While people purchase Ring cameras on Amazon and mount them on their front doors to keep their homes safe, law enforcement agencies use them without the user's permission, according to a press release published by Sen. Ed Markey (D-Massachusetts).
The heading of the press release reads, "Senator Markey's Probe Into Amazon Ring Reveals New Privacy Problem," highlighting the alarming access to "the close relationship between Ring and law enforcement, including the proliferation of policing agencies on the Ring platform."
Ring, which Amazon bought in 2018, responded to Markey's June letter and said law enforcement partnerships on its platform had jumped a staggering five-fold increase since November 2019. The electronic doorbell company further revealed footage was handed over to police eleven times this year without the user's consent – under a so-called "emergency circumstance exception."
"As my ongoing investigation into Amazon illustrates, it has become increasingly difficult for the public to move, assemble, and converse in public without being tracked and recorded," Markey said.
Amazon has an agreement with more than 2,100 police departments nationwide under the app called "Neighbors." Police can use the app to request videos. The lawmaker warned:
"We cannot accept this as inevitable in our country. Increasing law enforcement reliance on private surveillance creates a crisis of accountability, and I am particularly concerned that biometric surveillance could become central to the growing web of surveillance systems that Amazon and other powerful tech companies are responsible for."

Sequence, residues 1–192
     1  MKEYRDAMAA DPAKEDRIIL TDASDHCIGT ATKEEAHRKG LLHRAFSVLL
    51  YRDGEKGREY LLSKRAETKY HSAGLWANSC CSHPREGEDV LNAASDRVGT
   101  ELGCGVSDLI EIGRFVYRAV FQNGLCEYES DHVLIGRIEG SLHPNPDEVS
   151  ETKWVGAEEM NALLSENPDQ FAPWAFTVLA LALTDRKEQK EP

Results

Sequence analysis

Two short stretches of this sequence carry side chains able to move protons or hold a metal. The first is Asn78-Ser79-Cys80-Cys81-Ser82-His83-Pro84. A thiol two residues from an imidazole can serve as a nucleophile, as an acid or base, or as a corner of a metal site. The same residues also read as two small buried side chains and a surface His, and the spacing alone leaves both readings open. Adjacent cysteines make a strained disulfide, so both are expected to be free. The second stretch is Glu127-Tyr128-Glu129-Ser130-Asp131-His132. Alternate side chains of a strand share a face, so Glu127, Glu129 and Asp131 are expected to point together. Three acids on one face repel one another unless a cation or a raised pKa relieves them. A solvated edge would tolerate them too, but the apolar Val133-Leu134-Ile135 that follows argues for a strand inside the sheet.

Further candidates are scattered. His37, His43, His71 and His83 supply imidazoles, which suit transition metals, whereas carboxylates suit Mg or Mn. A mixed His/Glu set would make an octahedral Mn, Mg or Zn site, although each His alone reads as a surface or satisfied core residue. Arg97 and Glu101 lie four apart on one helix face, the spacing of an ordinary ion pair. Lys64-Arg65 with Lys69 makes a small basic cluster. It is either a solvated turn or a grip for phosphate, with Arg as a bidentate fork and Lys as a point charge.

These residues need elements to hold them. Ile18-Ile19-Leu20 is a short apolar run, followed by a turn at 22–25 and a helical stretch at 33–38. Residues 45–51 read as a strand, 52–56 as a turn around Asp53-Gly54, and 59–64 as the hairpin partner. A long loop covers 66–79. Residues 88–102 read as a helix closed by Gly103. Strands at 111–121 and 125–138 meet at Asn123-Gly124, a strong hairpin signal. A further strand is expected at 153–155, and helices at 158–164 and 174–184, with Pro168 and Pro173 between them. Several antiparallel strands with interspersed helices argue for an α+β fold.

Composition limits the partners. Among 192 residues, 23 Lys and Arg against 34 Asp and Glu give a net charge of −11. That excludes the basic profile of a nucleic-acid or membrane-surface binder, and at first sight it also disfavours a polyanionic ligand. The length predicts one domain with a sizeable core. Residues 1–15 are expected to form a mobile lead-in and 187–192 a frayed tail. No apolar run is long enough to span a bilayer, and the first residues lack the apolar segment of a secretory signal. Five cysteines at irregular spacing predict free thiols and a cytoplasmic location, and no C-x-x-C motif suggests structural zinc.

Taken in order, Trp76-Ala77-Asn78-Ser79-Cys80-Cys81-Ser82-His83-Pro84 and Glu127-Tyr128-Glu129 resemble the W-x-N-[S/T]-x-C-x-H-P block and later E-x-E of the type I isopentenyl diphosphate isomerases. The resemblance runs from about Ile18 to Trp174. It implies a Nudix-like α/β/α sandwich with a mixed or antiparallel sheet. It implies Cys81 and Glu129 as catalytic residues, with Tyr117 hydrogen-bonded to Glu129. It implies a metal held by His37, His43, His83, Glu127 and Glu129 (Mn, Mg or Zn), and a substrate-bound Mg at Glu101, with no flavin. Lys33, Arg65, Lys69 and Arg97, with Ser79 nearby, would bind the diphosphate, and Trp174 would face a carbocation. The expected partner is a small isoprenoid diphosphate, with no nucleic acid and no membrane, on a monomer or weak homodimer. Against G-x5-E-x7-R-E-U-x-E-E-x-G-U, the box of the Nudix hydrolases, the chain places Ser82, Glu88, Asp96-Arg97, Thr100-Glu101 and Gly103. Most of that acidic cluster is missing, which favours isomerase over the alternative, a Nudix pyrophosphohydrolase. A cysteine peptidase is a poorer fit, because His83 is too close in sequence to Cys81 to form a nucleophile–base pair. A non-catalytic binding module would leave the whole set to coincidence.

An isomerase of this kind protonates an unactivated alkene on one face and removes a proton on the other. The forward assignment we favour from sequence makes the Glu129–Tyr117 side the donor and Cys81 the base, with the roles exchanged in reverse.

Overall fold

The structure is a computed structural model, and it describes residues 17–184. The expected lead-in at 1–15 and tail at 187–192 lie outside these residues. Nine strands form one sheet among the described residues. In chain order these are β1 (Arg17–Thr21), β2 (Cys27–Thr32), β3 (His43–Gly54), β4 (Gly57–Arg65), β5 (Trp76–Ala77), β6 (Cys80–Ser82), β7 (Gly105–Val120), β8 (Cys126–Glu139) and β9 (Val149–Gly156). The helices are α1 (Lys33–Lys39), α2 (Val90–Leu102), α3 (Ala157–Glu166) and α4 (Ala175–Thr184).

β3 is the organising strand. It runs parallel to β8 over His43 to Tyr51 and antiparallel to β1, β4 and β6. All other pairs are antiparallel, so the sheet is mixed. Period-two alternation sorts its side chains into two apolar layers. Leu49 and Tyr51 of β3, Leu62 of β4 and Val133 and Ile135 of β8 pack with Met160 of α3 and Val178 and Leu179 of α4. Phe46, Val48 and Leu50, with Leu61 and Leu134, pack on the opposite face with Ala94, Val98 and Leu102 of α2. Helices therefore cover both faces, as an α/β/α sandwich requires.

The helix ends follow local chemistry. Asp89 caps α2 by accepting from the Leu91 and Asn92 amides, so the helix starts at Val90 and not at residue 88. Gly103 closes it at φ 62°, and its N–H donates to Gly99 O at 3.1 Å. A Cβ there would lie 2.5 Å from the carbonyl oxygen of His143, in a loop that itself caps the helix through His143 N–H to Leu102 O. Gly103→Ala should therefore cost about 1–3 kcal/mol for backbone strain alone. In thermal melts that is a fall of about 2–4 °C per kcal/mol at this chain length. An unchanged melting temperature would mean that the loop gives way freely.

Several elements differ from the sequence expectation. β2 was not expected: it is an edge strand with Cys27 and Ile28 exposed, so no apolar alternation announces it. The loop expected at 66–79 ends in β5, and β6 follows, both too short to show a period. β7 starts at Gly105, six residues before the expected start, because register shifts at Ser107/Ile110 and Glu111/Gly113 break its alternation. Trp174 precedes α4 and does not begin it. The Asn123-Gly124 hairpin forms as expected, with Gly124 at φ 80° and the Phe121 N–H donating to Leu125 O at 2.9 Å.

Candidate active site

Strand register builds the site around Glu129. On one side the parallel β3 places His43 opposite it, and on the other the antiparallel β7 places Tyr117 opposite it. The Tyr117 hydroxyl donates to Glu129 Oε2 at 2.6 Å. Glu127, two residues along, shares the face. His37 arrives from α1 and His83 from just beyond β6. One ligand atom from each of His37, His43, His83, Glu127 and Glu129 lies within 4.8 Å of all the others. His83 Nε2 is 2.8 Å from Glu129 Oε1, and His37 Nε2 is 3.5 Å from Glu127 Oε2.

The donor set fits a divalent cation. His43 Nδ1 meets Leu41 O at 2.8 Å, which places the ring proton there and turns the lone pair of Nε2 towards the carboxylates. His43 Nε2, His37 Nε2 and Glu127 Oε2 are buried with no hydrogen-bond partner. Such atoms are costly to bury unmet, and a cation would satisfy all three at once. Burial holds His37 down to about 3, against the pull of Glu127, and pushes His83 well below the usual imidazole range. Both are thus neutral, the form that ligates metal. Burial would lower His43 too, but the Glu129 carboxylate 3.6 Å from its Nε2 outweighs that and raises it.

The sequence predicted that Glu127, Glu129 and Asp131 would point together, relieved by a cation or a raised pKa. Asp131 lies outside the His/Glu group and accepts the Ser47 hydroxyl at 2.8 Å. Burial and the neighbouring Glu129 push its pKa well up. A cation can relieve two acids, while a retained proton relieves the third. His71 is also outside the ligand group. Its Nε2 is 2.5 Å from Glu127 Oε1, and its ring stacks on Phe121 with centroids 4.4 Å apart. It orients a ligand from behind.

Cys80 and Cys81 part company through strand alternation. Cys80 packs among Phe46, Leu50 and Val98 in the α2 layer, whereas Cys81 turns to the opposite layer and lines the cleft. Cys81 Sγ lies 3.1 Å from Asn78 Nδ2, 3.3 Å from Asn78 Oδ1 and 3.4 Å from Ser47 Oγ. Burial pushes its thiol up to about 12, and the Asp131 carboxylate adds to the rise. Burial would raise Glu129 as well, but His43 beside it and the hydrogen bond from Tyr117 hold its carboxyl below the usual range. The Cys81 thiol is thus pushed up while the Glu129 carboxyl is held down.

Lawmakers have previously said Amazon funded a lobbying campaign to relax privacy protections in more than two dozen states while harvesting vast amounts of sensitive data on its customers.
"Amazon shamefully launched a campaign to squash privacy legislation while its devices listen to & watch our lives. This is now the classic Big Tech move: deploy money & armies of lobbyists to fight meaningful reforms in the shadows but claim to support them publicly," Sen. Richard Blumenthal (D-Connecticut) tweeted late last year.
Politico pointed out Congress is discussing a federal data privacy law, though it won't cover Ring sharing data with police.
During the pandemic, Ring conducted a 45-day pilot program to live stream Ring cameras in Jackson, Mississippi, to test a surveillance camera network from people's homes.
Ring effectively creates the most extensive corporate-owned, civilian-installed surveillance network the US has ever seen. This is very troubling.